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Davis Gets Sympathy From an Unexpected Corner

October 27, 2003|Patt Morrison | Times Staff Writer

Oh, sure, NOW he says so.

Oregon's Republican U.S. senator, Gordon Smith, extended a sympathetic hand, after the fact, to outgoing California Gov. Gray Davis.

In a speech on the Senate floor about the unfairness of blaming President Bush for a sluggish economy, Smith declared, "It is a fact of political life that politicians are given too much credit and too much blame for the natural, immutable cycles of a free-market economy.

"The latest casualty in this judgment on politicians is probably Gov. Gray Davis of California. I remember during the heydays, the bubble days, California was held up as the miracle model and Gov. Davis was hailed as a hero....

"I heard, with some pain, frankly, the other day when he acknowledged how much economic trouble they were in and that he had gotten too much credit for the good times and now was getting too much blame for the bad times.

"Guess what? Gov. Davis was right. The truth of the matter is we in public life do not control a free-market economy."

Some fiscal information that may be of interest to the incoming team is the California Piglet Book, published by Citizens Against Government Waste ( in conjunction with the Howard Jarvis Taxpayers Foundation.

It's a collection of waste, fraud, mismanagement, payoffs and budget abuse amounting to hundreds of millions of dollars, all in stories compiled from the state's newspapers and other publications and reports. It recommends $5.1 billion in cuts, about half of it from the Medi-Cal program.

(CAGW's late co-founder, J. Peter Grace, was investigated posthumously by the Securities and Exchange Commission for about $16 million in personal perks paid for by Grace's company, including a jet, chef, limousines, nurses and club memberships.)

Does the Public Utilities Commission know about this? The telephone number for the Los Angeles Times' Sacramento bureau changed last year, and by some serendipity, it has now been assigned to the office of ... Gov.-elect Arnold Schwarzenegger.

At City Hall, a Movie Star Turned Politician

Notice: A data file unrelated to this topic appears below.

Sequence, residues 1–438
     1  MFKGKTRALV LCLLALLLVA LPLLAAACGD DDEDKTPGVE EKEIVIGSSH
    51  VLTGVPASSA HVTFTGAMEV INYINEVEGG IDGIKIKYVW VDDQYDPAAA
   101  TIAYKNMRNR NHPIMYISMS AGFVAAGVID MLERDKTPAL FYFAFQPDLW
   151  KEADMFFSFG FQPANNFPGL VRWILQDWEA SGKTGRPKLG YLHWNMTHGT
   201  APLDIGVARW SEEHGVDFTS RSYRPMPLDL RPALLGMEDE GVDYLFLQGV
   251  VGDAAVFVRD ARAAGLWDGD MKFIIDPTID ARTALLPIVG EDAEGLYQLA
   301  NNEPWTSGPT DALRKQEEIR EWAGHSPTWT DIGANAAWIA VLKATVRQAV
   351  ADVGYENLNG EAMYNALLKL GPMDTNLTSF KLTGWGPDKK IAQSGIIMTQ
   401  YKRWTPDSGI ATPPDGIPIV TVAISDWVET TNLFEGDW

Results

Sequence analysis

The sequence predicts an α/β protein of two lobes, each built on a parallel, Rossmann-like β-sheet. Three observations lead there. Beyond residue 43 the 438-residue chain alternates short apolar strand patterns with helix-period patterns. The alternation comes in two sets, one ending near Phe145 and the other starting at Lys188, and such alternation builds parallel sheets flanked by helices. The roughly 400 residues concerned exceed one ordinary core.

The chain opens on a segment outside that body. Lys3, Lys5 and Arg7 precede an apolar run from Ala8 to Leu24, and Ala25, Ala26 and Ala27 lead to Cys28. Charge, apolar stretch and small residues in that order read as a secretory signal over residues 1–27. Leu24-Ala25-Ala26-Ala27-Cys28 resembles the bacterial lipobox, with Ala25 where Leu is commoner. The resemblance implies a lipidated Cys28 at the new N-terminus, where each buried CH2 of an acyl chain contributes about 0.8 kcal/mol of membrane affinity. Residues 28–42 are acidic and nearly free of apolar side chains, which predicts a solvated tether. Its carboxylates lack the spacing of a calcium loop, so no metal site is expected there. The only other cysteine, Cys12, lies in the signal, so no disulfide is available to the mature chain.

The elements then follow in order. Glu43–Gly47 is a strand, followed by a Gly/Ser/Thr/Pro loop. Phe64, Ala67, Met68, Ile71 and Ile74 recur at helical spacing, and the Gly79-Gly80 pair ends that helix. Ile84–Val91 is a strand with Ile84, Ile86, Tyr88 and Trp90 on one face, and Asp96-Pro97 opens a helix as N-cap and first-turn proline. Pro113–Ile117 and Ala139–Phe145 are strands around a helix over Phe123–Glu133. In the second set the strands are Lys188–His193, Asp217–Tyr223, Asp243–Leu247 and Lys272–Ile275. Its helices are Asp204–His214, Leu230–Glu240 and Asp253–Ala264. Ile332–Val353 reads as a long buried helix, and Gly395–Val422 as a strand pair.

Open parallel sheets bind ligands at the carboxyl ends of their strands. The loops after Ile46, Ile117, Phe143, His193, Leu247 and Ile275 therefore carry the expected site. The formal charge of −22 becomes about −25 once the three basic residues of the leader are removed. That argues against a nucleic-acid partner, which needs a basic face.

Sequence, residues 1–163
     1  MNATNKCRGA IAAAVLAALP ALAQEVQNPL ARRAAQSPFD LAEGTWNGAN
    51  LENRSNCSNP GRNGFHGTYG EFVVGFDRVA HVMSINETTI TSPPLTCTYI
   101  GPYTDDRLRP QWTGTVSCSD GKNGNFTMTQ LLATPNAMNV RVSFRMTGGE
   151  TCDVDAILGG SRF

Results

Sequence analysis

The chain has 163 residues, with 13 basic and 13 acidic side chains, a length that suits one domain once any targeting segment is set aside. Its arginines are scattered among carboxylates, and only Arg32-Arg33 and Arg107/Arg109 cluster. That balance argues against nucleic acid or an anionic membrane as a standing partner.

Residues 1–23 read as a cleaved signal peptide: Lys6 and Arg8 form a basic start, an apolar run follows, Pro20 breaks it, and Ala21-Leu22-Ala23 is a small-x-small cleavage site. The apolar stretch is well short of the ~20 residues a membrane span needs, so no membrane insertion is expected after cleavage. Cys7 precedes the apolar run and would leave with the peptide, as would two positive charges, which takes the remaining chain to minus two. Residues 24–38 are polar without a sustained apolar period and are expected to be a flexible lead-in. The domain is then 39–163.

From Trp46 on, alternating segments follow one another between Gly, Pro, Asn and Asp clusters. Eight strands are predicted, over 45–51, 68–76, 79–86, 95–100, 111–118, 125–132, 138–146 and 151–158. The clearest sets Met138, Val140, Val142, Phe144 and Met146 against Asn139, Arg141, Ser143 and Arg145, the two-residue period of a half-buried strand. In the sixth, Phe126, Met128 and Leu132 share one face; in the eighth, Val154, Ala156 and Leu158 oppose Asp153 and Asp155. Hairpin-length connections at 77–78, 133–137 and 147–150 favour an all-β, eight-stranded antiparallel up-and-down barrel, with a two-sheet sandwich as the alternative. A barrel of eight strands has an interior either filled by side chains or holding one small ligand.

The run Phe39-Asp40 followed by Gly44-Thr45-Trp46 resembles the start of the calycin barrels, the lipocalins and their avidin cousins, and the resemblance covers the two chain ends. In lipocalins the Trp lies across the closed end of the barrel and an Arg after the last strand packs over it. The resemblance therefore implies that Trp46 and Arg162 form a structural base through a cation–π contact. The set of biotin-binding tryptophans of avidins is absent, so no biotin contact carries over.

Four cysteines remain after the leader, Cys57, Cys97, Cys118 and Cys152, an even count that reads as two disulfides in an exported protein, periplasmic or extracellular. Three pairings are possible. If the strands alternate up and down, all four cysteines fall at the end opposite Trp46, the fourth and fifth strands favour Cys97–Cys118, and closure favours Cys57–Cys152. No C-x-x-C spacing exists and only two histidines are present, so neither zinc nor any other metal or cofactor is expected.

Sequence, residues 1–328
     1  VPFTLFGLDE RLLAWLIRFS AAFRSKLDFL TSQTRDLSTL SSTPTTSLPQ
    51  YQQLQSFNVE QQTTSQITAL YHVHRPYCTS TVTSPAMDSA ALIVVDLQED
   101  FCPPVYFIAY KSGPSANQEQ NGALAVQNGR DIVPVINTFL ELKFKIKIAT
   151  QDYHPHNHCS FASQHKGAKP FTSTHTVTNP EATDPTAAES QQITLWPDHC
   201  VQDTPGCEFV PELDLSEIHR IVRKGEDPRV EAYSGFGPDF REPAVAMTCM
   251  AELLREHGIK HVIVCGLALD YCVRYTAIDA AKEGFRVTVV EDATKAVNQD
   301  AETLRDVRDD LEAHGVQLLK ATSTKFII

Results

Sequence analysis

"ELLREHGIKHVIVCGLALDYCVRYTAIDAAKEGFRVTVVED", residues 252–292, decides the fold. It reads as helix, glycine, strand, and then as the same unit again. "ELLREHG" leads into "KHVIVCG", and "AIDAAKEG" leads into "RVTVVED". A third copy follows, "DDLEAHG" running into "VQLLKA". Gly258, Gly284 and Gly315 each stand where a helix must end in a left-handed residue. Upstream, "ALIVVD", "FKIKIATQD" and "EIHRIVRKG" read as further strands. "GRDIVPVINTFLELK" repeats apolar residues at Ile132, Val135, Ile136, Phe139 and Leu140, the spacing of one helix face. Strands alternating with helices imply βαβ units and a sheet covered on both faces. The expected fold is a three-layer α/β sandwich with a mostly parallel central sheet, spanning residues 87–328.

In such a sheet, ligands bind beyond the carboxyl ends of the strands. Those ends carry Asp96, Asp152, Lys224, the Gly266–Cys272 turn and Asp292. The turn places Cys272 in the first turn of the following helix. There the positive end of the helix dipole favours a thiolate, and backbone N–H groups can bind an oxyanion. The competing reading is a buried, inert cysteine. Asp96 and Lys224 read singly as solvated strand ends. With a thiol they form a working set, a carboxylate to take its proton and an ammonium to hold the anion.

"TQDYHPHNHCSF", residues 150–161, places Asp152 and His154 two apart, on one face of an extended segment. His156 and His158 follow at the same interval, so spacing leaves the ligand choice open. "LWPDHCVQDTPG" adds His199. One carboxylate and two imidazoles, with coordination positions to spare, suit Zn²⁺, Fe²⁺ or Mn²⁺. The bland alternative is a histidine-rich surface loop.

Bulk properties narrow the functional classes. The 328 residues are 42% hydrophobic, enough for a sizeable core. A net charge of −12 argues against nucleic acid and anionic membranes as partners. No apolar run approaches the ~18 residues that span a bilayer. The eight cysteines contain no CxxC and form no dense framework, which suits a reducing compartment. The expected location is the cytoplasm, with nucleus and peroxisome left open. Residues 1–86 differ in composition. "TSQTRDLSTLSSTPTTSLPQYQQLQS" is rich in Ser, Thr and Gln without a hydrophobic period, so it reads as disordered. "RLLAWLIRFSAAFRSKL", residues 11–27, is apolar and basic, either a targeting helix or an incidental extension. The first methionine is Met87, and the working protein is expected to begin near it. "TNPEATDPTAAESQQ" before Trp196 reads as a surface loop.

You could practically hear the buzz from Los Angeles City Hall all over the 90012 ZIP Code last week: A movie star turned politician was in the house.

Not Arnold S., although something's in the works to give Brentwood's favorite son a Sacramento-ward send-off, as the city did for Ronald Reagan when he left for D.C. in 1981.

The cast of the White House drama "The West Wing" had hauled in flags and busts for verisimilitude, set-dressing the third floor into a stand-in for someplace in the nation's capital.

Some City Hall aides were heard to mutter that as long as it was around, perhaps the Bartlet administration could do something to resolve the transit walkout, the grocery strike and the budget hole.

To which suggestion Bradley Whitford, who plays Josh Lyman on the show, laughed: "Actors have no business in government."

State's Congressional Delegation on a Mission

Never let it be said that California's congressional delegation can't even get together to agree on what day of the week it is.

The state of the state's 21 historic but down-at-the-heels missions brought this agreement when the House passed a bill to provide $10 million to help patch them up.

"When California's congressional delegation comes together, great things can happen," trumpeted David Dreier, the San Dimas Republican who heads California's little GOP family in the House.

Carmel Democrat Sam Farr, one of the bill's main sponsors, crowed, "These missions are national treasures dating back to 1769, and by approving this legislation, Congress has reaffirmed its commitment to the preservation of our history."

The money for the California Missions Foundation would be matched over five years.

Next up at bat on this: the Senate.

Recall Web Sites Are Music to Band's Ears

The Piney Creek Weasels is a Sacramento-area string band whose crafty, computer geek banjo player registered the Web site, then linked it to the Weasels' own Web site.

It turns out he's done the same for for state Treasurer Phil Angelides, and the unfortunately misspelled

(The correctly spelled recall has been claimed but not yet opened for business.)

Banjo picker Andy Alexis also registered, but didn't follow up with a link to the Weasels' site because Vista Congressman Darrell Issa, whose car alarm millions helped to get the recall on the ballot, bailed tearfully out of the governor's race he had made possible.

"I thought of having a do-it-yourself recall petition generator," Alexis mused.

"Type in a name and print out a recall petition. Recalls aren't just for millionaires anymore!"

Points Taken

* The Green Party's Peter Miguel Camejo, the only major figure to run for governor in the 2002 regular and 2003 recall elections, was honored with the Socially Responsible Investing group's service award.

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